The Spouse has booked himself a balloon flight over the Hunter Valley for our forthcoming holiday. Not me, no thank you, not since I saw one of those things on fire one morning when I was on my way to work. There was a startling glimpse of naked flame through the trees, and then there it was: landed in one of the paddocks near the market gardens, its passengers at a respectful distance from the blazing silks. The operator at 000 thought I was ‘having her on’ when I rang to report it…
Still, ballooning is a captivating idea, and I was hooked as soon as I saw the cover of The Umbrella Club by David Brooks. Brooks is the author of The Fern Tattoo which I read when it was shortlisted for the Miles Franklin in 2008. It seems he has written another beguiling story in The Umbrella Club.
My first reaction to the puns in the opening paragraph was that UQP’s editors had overlooked a risible spelling mistake on the very first page, where (Private) Axel Glover (in the altogether) is holding ‘a copy of His Majesty’s Enlistment Regulations …discretely over his private parts.’ On reflection, perhaps because I could not believe that an unforgivable error of this magnitude could be made in a passage which must have been read and re-read countless times, I decided that this arresting image signals the ambiguity which characterises Brooks’ style. It was chosen, I thought, to make the reader ponder the meaning of that adjective ‘discrete’, to consider the placement of the Regulations, and to recognise that the sight of Glover in all his glory is one that the narrator cherishes. I still think this is a beaut argument for discrete rather than discreet, even though the homophone trips up the author/editor again on p183 where Edward waits ‘discretely‘ in the shadows and no PoMo mental gymnastics can rescue it.
Discrete or discreet, Axel is an exotic creation and from the outset we can see that Edward is captivated:
Dust-motes in the air about him, and the gently twirling smoke [of his half- smoked cigarette] gave him a kind of aura. He seemed, momentarily, blurred with light. (p3)
Like Sebastian Flyte in Brideshead Revisited, Axel is a young god, charming, insouciant and seductive. He and Edward are both fatherless, and having somehow survived the horrors of the Great War with comparatively minor wounds, they have to ‘survive afterwards as well as during a thing like that’ (p7). But while Edward has his feet on the ground with some family responsibilities and a job (in publishing), Axel is of independent means and mien. Brooks’ careful choice of words delineate class distinctions of the kind that only the British take seriously: Edward’s family has a farm, not an Estate like Axel; and it’s managed by his sister Rachel, not an un-named employee. However, these differences in family background have an impact: Edward’s sister and his job make demands on him; Axel is free to follow his dreams.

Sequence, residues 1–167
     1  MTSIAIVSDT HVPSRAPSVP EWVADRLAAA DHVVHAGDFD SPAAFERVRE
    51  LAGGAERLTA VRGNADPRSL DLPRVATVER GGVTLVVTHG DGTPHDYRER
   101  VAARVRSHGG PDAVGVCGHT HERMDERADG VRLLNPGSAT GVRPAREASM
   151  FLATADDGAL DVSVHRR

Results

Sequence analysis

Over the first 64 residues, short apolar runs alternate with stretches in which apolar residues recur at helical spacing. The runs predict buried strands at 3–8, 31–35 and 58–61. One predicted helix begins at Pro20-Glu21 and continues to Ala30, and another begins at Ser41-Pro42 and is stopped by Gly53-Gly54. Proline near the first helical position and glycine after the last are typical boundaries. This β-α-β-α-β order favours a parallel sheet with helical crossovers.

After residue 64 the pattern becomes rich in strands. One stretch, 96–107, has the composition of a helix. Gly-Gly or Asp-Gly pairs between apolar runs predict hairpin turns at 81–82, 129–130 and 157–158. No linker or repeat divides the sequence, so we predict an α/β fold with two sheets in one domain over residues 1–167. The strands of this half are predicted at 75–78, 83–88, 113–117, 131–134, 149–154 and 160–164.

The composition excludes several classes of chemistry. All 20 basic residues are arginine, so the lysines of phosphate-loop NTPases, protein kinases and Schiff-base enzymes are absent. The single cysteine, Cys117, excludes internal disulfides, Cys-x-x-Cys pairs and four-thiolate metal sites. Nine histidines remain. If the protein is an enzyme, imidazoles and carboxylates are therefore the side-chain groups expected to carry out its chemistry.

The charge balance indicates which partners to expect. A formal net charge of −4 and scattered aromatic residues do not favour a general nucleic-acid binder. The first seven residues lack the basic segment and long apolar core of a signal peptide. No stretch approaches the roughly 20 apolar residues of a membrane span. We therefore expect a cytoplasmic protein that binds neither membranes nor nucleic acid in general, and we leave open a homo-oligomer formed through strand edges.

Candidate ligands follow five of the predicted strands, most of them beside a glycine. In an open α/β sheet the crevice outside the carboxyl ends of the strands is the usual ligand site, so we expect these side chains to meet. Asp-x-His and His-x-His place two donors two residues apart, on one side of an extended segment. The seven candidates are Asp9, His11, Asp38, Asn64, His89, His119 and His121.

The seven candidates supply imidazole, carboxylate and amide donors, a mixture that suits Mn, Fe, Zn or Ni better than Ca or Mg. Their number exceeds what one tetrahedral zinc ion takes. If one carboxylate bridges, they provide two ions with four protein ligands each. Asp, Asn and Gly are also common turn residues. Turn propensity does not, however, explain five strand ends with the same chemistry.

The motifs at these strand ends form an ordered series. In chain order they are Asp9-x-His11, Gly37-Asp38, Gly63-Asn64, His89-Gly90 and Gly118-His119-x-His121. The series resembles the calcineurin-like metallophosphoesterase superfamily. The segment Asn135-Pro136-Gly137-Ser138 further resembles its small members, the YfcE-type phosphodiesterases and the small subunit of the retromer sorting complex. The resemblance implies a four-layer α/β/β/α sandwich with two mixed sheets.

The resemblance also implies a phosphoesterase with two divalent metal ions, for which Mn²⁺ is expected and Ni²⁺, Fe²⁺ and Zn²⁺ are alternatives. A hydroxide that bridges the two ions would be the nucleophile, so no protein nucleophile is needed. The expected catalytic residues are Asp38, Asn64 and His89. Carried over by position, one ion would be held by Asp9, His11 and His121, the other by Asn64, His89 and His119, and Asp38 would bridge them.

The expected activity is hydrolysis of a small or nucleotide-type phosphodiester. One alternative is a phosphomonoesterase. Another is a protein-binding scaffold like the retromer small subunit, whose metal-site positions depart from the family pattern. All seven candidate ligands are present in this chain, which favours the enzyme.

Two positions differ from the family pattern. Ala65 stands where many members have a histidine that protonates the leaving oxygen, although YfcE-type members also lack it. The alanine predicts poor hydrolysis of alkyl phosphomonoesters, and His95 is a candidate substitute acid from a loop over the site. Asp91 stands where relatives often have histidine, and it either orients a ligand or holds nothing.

As Brideshead Revisited’s Charles Ryder is to Sebastian Flyte, Edward is not just captivated by ‘Axel Glover’s Dream, his Idea, his Mission’ (p5) but by Axel himself and all that he represents.
I acquiesced. The thought of a day open in front of me, not having to go anywhere, with no urgent task needing to be done, had a strong appeal… his energy and focus seemed to have returned [and] something similar was happening to me, a surge of vitality, of impatience with where and what I was. The war…had created a different reality – a reality more intense than this one, a reality that had done something to this one – and although no sane person would want to go back there, there was a need, now, for something that this life could not seem to provide. (p28)
The Fern Tattoo had a convoluted story line that mirrored the subject’s confused and confusing search for identity, and The Umbrella Club is likewise not straightforward. Edward’s narrative, in itself not wholly reliable, is punctuated by the acquisition of scraps of information about Axel which disrupt chronology and contradict each other. People forget, they misremember, they ‘don’t know some basic facts in the first place [so they] don’t always know what [they’re] hearing’ (p179) and they lie for various reasons. This writing style brings with it some risks. The blind ballooning instructor seems like an odd digression, but the first moment to give me real pause came when Axel and Edward were under the tutelage of Frank O’Brien. As you would expect, they made their first flights with their instructor in command. The balloon basket is too small for more than two, so the friends’ first flight together is their first without O’Brien – and it’s a momentous occasion. Odd therefore that it happens twice:
On the third occasion Axel and I went up together while Frank watched us nervously from the ground. (p40)
But then on the very next page, it seems that after ‘several under his loose supervision’ (underlining mine) it is Edward and Axel’s first extended flight away from the farm which is their first flight together:
We had never before this, gone more than a mile or two, and then – the basket being of a dimension to small for three grown men – not together but each separately in Frank’s company. (p41)
I stopped reading to think. Is this a signal that the narrator is misleading us? Perhaps he has a faulty memory? Is he deliberately lying, tripped up by his own inconsistencies? Which retelling could be true? Would it not be premature for these two young men to make their first unsupervised flight on only a third ascent? Would it not be unwise for a first flight without their instructor to be an extended flight where he was unable to follow? Or, more banal, is this a careless mistake overlooked by Brook’s editor?
There’s a review in the Australian Book Review in which Stephen Muecke takes issue not with confusing elements such as this, but rather with Brooks’ apparent disregard for post-colonial scholarship. (The action takes place in New Albion (New Britain) and Port Morton (Port Moresby), colonial possessions of Germany, and by an accident of our own history of colonialisation, Australia).